Tuesday, February 19, 2008

Karen Day - Misty/frosty morning

Picture 1 is my new garlic press, a Valentine's day present from Y from Lakeland yesterday. A powerful tool to replace a particularly ineffective plastic job I've hated for years, or 'yonks' . This one has a metal cutting plate which works beautifully. If the red attachment intrigues? You turn the handle anti-clockwise 180 degrees and the rubber spikes clear the cutting plate of the irritating mess that normally... (that's enough about garlic presses..ed)

Today has been a Karen day and we heard the latest on her domestic/separation saga. She had been 'home' to sort some things our for her daughter and had taken her lunch sandwiches with her. Apparently she won't go in the fridge because she "doesn't want him accusing her of eating his 'chuffing snap'". Delightfully put Karen. Direct and to the point. We nipped out shopping so she could get on, and bought in Lidl one of the larger-flowered creamy orchids.

After lunch I decided to try another flower portrait and Picture 2 is the result. The central 'bits' of orchids always look vaguely unsettling. At best like alien creatures but at worst, whatever the female equivalent of 'phallic' is. My online Thesaurus was most unhelpful on the point and my old-fashioned hard-cover Roget wasn't much better. Perhaps best not pursued anyway !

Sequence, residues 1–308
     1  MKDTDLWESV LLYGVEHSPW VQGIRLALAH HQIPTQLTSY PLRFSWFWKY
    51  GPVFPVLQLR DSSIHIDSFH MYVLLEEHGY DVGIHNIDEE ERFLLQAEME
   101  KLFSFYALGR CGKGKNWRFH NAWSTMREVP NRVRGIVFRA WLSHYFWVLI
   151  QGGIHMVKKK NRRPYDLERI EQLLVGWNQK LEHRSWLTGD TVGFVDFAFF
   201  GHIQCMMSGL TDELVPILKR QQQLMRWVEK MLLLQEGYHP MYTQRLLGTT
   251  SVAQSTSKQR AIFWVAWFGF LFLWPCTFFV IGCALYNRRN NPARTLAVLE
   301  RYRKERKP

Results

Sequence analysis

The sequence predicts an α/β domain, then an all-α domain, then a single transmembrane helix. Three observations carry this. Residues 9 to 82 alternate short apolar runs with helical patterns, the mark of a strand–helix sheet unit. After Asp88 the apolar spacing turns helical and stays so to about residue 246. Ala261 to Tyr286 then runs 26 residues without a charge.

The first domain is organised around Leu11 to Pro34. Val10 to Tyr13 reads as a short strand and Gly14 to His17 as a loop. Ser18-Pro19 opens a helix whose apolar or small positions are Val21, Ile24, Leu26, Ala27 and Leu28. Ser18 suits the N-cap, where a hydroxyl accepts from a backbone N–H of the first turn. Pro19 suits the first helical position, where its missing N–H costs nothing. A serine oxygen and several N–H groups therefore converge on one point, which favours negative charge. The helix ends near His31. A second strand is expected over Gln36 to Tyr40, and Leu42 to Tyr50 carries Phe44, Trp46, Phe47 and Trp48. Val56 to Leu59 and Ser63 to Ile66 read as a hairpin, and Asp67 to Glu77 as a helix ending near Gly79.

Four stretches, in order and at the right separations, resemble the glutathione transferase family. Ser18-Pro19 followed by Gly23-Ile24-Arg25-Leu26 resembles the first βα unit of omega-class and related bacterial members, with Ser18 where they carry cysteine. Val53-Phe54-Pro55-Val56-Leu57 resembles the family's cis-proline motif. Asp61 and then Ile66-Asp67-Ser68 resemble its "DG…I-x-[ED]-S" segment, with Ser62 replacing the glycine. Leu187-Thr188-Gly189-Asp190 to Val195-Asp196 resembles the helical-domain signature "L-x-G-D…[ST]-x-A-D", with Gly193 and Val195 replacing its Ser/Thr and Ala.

Comments.... A great comments day. Thank your all. And thanks for sorting the 'names' bit because your missives all arrive now, individually, in my inbox. That teething-problem day I was just getting Anonymous (7) without knowing it was Reg for instance.

Bungus/Rob/Reg .... this 'saw' thread really has teeth, I think. I loved the Irish origin for the jigsaw and the saw that just manages to cope. I guess the 'crosscut' must be one tetchily waking-up with a hangover.

Jill...Re children cooking. All ours do, properly too, although Tracy admits to leaning heavily on M&S if entertaining more than a few. And grandaughters are following suit. Hannah makes exceedingly good cakes. I don't like 'ginger cake' but make an exception if offered a slice of Hannah's.